Amy Berkowitz’s heartbreaking lyrical essay Tender Points explores the mental and physical pain of what it is like to live with a chronic invisible illness. The author juxtaposes pop culture characters, such as the Teenage Mutant Ninja Turtles, against her own experiences with sexual violence and chronic illness for a unique exploration of women’s experiences with the patriarchal medical system.
Berkowitz points out that women’s experiences are always viewed with suspicion, as if they are not capable of being reliable narrators for their own bodies. This is part of the reason why it’s so hard for women to have their illnesses taken seriously by doctors—most just write off their suffering as being “all in their heads.”
|Recommended by Amanda Ferris||Thursday, August 6th, 2015||No Comments »|
Instead of the usual historical fiction novel that delves into the usual Western history topics such as the Tudors or Victorian London, in The Rebel Queen, Michelle Moran takes her readers to India to meet an extraordinary ruler who is ready to defend her kingdom at all costs. Told from the point of view of Sita, who is one of the guards in Queen Lakshmi’s army, and the story she weaves is absolutely spellbinding.
When the British army sets out to conquer India in the 1850s, they expect Queen Lakshmi to hand over the Kingdom of Jhansi. She raises two armies in retaliation, one comprised of men and the other women. Even though the Queen is outmatched, she still fights ferociously to defend her country from the invaders who think they can get away with stealing her birthright.
|Recommended by Amanda Ferris||Wednesday, April 22nd, 2015||No Comments »|
Most movements, whether they be social or political, idolize the outspoken activists, the charismatic leaders, the extroverted posterboy/girl. These are the names that go into history books and get trotted out during month-long retrospectives. But illustrator Elia Mervi‘s The Quiet Resilience Project is not about the feminist icons you’ve heard of, it’s about the women in history you might not have heard of. It’s about the artists, the writers–creative women who showed tremendous strength behind the scenes through their art. “It’s a tribute to all those who fell into complete forgetfulness,” Mervi explains, “but their clear footprints were the first step of the way of feminism, freedom and equality.” Combining pencil sketches and water colors, Mervi creates soft portraits of iconic women like writer Virginia Woolf and artist Camille Claudel. The project is ongoing, so remember to check back for more.
|Recommended by The Absolute Staff||Thursday, March 12th, 2015||No Comments »|
In Sally Hepworth’s The Secrets of Midwives, three generations of women struggle against the secrets that eat away at their lives. The main theme of the novel is how keeping secrets can have drastic consequences and how problems are passed from generation to the next.
Like her grandmother before her, Neva Bradley feels that it is better to hide the identity of her child’s father from both her family and friends. However, over the course of the novel, Neva has to decide whether it is better to let the truth stay hidden or finally speak up, even though it would mean the destruction of her world.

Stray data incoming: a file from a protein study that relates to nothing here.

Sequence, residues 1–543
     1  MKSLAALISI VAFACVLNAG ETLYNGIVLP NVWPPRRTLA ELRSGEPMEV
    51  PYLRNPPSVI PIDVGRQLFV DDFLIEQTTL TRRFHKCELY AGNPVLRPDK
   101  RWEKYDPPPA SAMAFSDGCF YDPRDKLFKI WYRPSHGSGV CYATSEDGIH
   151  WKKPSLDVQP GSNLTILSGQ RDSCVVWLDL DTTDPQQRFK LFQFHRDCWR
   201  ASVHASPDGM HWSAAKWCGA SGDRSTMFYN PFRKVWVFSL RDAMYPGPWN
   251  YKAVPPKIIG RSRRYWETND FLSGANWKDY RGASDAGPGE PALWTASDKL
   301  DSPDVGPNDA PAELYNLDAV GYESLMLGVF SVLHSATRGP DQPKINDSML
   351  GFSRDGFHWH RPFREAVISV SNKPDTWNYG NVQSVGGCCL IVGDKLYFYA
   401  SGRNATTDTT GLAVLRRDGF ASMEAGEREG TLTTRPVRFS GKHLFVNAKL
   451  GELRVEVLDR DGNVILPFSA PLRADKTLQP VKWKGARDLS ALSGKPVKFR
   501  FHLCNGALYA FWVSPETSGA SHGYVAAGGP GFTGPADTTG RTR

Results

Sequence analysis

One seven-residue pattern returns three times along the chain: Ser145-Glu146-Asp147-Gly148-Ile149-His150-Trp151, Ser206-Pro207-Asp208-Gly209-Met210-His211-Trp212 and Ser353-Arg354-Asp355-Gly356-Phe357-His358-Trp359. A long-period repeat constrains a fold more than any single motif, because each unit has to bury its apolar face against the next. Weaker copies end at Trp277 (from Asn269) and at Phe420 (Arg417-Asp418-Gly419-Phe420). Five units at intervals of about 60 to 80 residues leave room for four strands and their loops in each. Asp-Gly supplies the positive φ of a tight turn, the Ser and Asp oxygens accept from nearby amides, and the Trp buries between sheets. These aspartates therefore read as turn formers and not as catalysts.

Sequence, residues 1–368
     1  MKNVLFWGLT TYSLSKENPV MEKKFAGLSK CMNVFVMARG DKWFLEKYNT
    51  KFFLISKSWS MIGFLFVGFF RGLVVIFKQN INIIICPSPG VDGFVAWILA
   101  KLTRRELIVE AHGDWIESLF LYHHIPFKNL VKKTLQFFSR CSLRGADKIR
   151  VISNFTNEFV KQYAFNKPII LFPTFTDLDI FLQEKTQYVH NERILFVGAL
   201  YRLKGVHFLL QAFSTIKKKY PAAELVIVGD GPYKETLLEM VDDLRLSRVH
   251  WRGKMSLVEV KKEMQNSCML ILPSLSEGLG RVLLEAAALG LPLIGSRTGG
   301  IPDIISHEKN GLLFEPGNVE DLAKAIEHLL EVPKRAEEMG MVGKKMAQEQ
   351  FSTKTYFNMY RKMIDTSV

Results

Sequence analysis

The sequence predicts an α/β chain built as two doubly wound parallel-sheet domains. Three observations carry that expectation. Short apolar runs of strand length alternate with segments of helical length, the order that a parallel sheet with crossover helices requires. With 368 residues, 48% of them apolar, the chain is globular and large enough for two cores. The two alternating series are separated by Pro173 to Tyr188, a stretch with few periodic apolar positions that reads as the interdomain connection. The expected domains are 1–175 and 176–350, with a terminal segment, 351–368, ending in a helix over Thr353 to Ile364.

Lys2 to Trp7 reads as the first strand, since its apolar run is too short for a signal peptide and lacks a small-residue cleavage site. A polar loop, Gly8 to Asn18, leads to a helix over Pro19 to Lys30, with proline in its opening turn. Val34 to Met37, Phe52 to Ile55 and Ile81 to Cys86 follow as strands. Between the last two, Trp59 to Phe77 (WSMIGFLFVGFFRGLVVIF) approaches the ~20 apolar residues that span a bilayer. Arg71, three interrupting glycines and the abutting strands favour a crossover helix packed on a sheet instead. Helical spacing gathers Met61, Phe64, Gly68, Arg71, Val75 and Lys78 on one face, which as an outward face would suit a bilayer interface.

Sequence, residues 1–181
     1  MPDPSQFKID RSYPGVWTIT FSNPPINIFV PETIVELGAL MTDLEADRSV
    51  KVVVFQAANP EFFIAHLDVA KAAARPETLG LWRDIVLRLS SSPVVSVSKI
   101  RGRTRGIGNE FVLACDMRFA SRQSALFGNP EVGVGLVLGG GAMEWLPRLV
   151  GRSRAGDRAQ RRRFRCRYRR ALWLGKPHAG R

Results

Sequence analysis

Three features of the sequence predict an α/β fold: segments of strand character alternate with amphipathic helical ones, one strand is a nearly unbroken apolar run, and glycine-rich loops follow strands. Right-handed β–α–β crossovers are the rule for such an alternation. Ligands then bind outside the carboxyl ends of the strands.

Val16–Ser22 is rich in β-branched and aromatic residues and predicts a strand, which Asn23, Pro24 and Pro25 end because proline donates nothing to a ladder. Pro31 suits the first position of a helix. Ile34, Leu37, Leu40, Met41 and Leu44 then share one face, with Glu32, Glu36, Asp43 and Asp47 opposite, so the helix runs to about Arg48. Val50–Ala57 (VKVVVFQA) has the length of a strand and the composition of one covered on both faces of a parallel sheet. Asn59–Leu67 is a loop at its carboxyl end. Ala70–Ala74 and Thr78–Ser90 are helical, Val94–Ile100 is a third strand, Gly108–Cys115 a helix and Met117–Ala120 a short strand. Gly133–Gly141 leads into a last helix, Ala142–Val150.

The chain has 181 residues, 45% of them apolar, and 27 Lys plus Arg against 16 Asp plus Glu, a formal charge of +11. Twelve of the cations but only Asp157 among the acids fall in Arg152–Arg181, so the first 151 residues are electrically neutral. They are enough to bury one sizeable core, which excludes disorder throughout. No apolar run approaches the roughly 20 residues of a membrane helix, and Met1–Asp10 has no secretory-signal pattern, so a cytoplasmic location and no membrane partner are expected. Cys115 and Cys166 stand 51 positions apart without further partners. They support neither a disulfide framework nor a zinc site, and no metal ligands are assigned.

|Recommended by Amanda Ferris||Thursday, March 12th, 2015||No Comments »|
Since it’s Women’s History Month, this video by Fandor Keyframe seems particularly relevant. We love their film analysis videos and have posted a few in the past already. Probably one of the most interesting thing about Fandor’s video essays is how they critique the Bechdel Test, a film criteria often used by feminists to test if a film is pro-women or not. However, the Bechdel Test isn’t perfect, and their video Beyond Bechdel: Testing Feminism in Film goes in-depth into the library of feminist films that surprisingly don’t pass the Bechdel Test. The video argues that Bechdel-approved films like Slacker, which only has one short scene that passes the Bechdel Test, do not outweigh films like Museum Hours, which doesn’t pass the Bechdel Test but has richly developed female characters. It’s probably best if we just let them explain it.
|Recommended by The Absolute Staff||Monday, March 9th, 2015||No Comments »|
Margaret Atwood’s classic novel The Handmaid’s Tale is a chilling look at what happens when the patriarchy is allowed to rule the roost once and for all.
Offred remembers a time when she was happily married to a husband named Luke and was able to play with her daughter. A time where women weren’t considered chattel and were considered equals of men. Unfortunately, all that changed when the Republic of Gilead was created, and now Offred is a handmaid to the Commander. In this new society, women can only go out to the markets once a day and are considered a success if they are able to give birth to healthy children.
Reading The Handmaid’s Tale will leave you shuddering violently at the vision of such an awful dystopia, especially since there are so many extremely religious politicians out there today. This novel is a warning sign of what will happen should countries fail to keep a secure boundary between church and state.
|Recommended by Amanda Ferris||Thursday, March 5th, 2015||1 Comment »|
While most graphic novels have a quintessential superhero who can do no wrong, Chuck Wendig’s young adult comic Atlanta Burns takes readers on a thrilling ride alongside a teenage vigilante. Atlanta isn’t Superman or Wonder Woman, thank goodness. She’s a little rough around the edges and makes mistakes. But in the process of saving two kids from bullies, another teen winds up dead by an apparent suicide and Atlanta blames herself.
|Recommended by Amanda Ferris||Friday, February 13th, 2015||No Comments »|